Altoona 2018 city budget
Wednesday, November 29, 2017
Eric Lindquist | Leader-Telegram
Council rejects completing sidewalk to elementary school, passes budget with flat tax rate, $1.5M for River Prairie upgrades
ALTOONA - The Altoona City Council rejected a last-ditch effort Tuesday night to include funding for a sidewalk/trail to the 1-year-old Altoona Elementary School in the city's 2018 budget, but then proceeded to pass the spending plan on a unanimous vote.
L-T Staff Photo by Steve Kinderman
The budget maintains the existing property tax rate and calls for overall spending in 2018 of $11.4 million, a decline of 6.6 percent from this year. The tax rate of $6.35 per $1,000 of equalized value means the city portion of the property tax bill for the owner of a $150,000 house would be $952.50.
Despite keeping the tax rate flat, Altoona will collect $89,000 more in property taxes next year as a result of growth in the city's tax base. Tax collections in 2018 are projected to total $2.8 million.
Councilman Matthew Biren proposed a budget amendment calling for the council to include upgrades to Bartlett Avenue/Highway KB, including the addition of an 8-foot-wide sidewalk, all the way from the city's core to the elementary school instead of part way as was included in the proposed budget. The amendment called for funding the project with money from a tax increment financing district.
"From the meetings and the petitions, the people have spoken," Biren said, referring to what he views as widespread public support for completing the full 1¼-mile project next year.
Biren warned that waiting likely will result in higher construction costs and encouraged council members to vote to "just get it done."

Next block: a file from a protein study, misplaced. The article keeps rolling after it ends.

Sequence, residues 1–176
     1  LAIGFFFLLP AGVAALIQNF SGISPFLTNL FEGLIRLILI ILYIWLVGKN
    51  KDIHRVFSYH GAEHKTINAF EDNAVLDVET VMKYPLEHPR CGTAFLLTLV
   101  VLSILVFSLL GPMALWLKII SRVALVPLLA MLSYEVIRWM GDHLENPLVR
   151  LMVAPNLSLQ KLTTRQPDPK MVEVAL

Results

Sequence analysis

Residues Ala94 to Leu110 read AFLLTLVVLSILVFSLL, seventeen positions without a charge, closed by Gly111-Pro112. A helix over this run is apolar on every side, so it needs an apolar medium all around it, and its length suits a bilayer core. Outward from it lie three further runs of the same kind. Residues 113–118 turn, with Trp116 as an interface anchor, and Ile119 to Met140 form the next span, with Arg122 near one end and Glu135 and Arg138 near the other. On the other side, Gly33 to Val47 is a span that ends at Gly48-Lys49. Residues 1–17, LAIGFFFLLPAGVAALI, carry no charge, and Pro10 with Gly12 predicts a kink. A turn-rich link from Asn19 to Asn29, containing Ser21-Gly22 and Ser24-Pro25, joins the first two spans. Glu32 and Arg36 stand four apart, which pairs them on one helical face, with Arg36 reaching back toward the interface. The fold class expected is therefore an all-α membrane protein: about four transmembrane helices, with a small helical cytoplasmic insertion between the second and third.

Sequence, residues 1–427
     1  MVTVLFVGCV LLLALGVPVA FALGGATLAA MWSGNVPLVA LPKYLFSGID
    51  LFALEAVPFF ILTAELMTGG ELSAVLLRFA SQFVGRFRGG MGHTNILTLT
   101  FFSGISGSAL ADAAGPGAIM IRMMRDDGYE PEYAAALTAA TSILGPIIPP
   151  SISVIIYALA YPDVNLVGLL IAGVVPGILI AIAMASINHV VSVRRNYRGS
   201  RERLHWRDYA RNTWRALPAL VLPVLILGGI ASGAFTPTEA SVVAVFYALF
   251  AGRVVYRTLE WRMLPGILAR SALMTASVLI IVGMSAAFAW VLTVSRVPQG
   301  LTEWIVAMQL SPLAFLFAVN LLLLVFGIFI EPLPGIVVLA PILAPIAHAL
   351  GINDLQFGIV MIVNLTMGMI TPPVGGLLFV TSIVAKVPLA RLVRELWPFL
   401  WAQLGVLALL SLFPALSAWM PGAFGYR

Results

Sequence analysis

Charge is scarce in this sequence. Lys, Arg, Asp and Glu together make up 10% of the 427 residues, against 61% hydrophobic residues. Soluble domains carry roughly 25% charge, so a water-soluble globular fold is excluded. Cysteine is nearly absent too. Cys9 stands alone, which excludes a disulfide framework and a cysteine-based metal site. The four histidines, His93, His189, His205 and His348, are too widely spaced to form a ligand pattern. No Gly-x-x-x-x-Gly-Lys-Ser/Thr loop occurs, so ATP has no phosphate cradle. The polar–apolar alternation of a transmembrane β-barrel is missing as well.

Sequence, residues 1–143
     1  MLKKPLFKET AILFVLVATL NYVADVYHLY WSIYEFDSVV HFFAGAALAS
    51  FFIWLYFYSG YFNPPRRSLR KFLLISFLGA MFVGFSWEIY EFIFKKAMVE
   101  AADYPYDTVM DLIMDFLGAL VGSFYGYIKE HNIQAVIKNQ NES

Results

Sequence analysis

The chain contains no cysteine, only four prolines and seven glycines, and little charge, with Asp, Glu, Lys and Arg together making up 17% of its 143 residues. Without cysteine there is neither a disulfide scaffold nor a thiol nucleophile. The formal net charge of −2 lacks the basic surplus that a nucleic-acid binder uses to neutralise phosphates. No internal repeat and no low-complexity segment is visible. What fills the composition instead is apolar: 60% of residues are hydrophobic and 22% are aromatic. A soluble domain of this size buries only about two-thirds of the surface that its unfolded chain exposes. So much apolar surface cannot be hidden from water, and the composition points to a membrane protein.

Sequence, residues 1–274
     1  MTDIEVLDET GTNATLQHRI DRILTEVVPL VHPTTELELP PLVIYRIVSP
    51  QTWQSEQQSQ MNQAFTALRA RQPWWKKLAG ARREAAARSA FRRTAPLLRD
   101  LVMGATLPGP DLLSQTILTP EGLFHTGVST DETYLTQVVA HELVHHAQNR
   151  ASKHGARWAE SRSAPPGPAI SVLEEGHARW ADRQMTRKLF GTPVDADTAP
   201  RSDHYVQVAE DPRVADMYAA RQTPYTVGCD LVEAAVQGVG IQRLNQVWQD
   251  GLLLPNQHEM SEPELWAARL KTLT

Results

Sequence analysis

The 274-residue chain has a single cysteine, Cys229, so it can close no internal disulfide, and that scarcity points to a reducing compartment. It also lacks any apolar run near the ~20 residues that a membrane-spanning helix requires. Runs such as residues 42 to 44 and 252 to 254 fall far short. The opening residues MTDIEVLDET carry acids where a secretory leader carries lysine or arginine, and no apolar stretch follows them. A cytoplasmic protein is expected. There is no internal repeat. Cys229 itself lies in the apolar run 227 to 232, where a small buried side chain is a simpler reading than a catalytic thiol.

Councilman Dave Rowe made the case that completing the project as soon as possible is important for the safety of Altoona students going to the school and other residents who would use the trail along the street, saying he hopes and prays nobody gets hurt along that stretch of road in the next year because of the council's delay.
"I believe firmly in talking to people that this is what they want," Rowe said. "I don't remember a single person showing up and saying, 'No, I don't think that's a good idea.' "
A group called Altoona Outdoors had offered to contribute up to $20,000 toward completing the trail extension.
But the council voted 4-3 against the amendment, with Biren, Rowe and Councilman Andrew Schlafer casting the dissenting votes. Mayor Brendan Pratt and councilmen Dale Stuber, Red Hanks and Tim Sexton opposed the amendment.
Sexton and Pratt both expressed support for completing the project after some necessary land acquisition issues along the route are finalized and the city learns if it will receive grant funding to help pay for the trail.
Sexton said it was prudent to wait rather than commit to the project before knowing the final cost.
"We're being careful. We're being systematic in our approach," Sexton said. "We're not getting emotionally caught up into it."
City Administrator Mike Golat said it's possible, if the last obstacles are removed, that the city still could complete the full project in 2018.
The budget also includes $1.5 million for public features in the River Prairie development along U.S. 53, including a restroom and storage building, a trail in the northeast quadrant, and completing areas for gatherings, entertainment and recreation. The city also is increasing its seasonal staffing for park workers to help with River Prairie.
In addition, the budget includes $26,280 for on-call pay for first responders to improve the response rate and money for a 2 percent pay increase for most city workers, although police union employees will receive raises of 1.1 percent as called for in their union contract.
In other business, the council accepted an offer of about $1.5 million for land in the southwest quadrant of River Prairie from a company proposing to build a full-service medical clinic there.
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